Ecuador Hikes Taxes, Shuts Banks
QUITO, Ecuador (AP) _ In an effort to stem Ecuador’s worst financial crisis in decades, the president announced tax hikes and other tough measures and ordered banks shut until next week to give the government time to implement the program.
The announcement Thursday came as a two-day nationwide strike to protest the government’s economic programs wound down and just hours after the Central Bank’s board of directors, including its president, Luis Jacome, reportedly resigned. Their situation remained uncertain Friday.
After receiving their resignations just before he announced a drastic economic austerity package, President Jamil Mahuad asked the board of directors members to stay on during this time of economic crisis, a Central Bank source said.
The government’s political opponents had accused Jacome of mismanaging Ecuador’s fiscal policy, and had criticized President Jamil Mahuad of acting too slowly to right the economy.
In response, Mahuad is imposing strict measures to ensure the wealthy pay their taxes, to raise revenues with new taxes, and to prevent a run on banks as economic reforms take effect.
Ecuador is locked in its worst economic crisis in recent decades, battered by low prices for its main export, oil, and $2.6 billion in damage from El Nino-powered floods last year.
Inflation is near 50 percent, the highest in Latin America, and the national currency lost a quarter of its value last week.
Stunned Ecuadoreans warned of further protests as the new measures doubled the price of gasoline overnight and the little money people had when the banks were closed Monday runs out.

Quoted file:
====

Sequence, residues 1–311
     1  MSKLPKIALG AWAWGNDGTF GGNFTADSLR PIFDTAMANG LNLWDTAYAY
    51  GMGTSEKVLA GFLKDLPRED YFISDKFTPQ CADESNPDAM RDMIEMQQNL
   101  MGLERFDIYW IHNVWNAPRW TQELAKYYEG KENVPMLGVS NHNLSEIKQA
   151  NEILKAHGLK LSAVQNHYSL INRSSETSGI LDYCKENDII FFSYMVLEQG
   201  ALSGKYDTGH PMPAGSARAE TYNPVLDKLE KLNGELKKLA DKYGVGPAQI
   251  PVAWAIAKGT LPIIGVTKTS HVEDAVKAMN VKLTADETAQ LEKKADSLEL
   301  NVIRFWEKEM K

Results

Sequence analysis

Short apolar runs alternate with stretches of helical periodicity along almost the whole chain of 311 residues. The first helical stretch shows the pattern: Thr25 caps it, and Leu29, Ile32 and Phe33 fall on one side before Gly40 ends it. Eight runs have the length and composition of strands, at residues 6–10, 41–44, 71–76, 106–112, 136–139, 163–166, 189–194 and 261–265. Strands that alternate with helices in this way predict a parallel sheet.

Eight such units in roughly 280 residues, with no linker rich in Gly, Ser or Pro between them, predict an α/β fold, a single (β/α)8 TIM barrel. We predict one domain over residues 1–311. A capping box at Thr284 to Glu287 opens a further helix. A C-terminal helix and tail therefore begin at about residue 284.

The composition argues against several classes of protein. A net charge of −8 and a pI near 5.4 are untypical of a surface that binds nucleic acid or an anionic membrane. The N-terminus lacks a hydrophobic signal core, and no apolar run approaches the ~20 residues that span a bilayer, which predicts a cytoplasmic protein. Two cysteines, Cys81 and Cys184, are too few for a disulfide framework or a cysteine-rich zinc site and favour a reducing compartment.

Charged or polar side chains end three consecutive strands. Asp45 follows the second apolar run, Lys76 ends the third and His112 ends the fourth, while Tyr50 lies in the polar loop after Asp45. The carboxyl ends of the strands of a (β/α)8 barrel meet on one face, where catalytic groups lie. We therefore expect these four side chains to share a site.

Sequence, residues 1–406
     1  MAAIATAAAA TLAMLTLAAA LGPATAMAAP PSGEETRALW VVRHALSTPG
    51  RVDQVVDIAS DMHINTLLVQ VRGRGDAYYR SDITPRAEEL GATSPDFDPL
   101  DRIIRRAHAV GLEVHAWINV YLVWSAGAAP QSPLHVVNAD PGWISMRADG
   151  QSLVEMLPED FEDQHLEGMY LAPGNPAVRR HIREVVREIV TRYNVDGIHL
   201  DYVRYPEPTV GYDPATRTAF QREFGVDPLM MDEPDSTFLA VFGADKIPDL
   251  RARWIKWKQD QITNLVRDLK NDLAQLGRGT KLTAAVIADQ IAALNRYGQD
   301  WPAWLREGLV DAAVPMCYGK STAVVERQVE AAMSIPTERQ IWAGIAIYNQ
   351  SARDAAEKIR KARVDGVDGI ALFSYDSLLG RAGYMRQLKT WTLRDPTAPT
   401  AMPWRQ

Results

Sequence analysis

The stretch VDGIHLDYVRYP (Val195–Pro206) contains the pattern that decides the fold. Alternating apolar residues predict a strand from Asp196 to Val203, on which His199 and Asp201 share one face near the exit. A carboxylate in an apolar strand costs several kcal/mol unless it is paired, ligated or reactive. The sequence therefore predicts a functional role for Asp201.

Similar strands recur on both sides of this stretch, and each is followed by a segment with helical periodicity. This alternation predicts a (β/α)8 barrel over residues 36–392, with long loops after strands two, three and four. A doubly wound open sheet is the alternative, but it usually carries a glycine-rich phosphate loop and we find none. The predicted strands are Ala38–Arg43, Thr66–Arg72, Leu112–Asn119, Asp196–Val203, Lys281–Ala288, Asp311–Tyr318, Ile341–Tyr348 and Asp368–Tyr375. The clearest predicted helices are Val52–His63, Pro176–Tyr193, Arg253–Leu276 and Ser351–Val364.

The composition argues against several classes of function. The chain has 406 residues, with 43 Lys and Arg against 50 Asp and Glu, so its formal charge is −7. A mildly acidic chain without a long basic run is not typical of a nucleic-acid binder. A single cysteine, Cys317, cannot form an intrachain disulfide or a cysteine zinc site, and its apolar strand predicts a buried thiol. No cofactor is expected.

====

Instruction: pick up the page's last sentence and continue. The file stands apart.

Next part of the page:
``This cannot continue. Now we don’t even have money to buy food since the banks have been closed for a week,″ Quito shopkeeper Ricardo Jimenez said today.
Business leaders, who have traditionally paid little taxes, reacted angrily to the tax hikes and Mahuad’s decision to partially restrict bank withdrawals to protect the shaky financial system.
``The president has wasted our time. One does not build a country with more price and tax hikes,″ Joaquin Zevallos, president of Ecuador’s Chamber of Commerce, said today.
In a nationwide television address late Thursday, Mahuad detailed plans to jail tax evaders, eliminate sales tax exemptions except on food and medicine and impose the new taxes on the rich.
Mahuad also announced that banks, which have been closed for four days, would remain shut until Monday.
Mahuad said the country’s rich have to learn they have a duty to pay taxes. ``They should give thanks to God that they have the money to do it,″ he said.
Among other points of his plan to end the $1.2 billion budget deficit:
_ Restrict the amount of money that can be withdrawn from checking and savings accounts.
_ Increase the sales tax from 10 percent to 15 percent, and introduce a luxury tax of 4 percent on cars worth more than $1550.
_ Increase the price of a gallon of gasoline from $1 to $1.90.
Mahuad said the increase in gasoline prices was an emergency measure until Congress approved the increase in the sales tax. He said gasoline prices would be gradually reduced after the sales tax increase went into effect.
Before the president’s announcement, police dispersed protesters with tear gas in isolated street clashes Thursday. No injuries were reported.
Police have arrested 235 people over the two days of protests, with 29 of those detained on Thursday, said Col. Mauro Lopez, head of police anti-riot operations.
Mahuad decreed a 60-day state of emergency Tuesday to offset the double impact of the strike and financial crisis, and ordered machine gun-toting police to guard oil and electricity installations from strikers.
Strikers want Mahuad to back down on earlier austerity measures that have ended fuel subsidies, frozen wages and caused prices to soar for already impoverished Ecuadoreans.
The strike was called by Ecuador’s powerful, leftist-led unions and has the support of student and Indian groups. It has shut down most commerce, costing Ecuadorean businesses $120 million, according to the Quito Chamber of Commerce.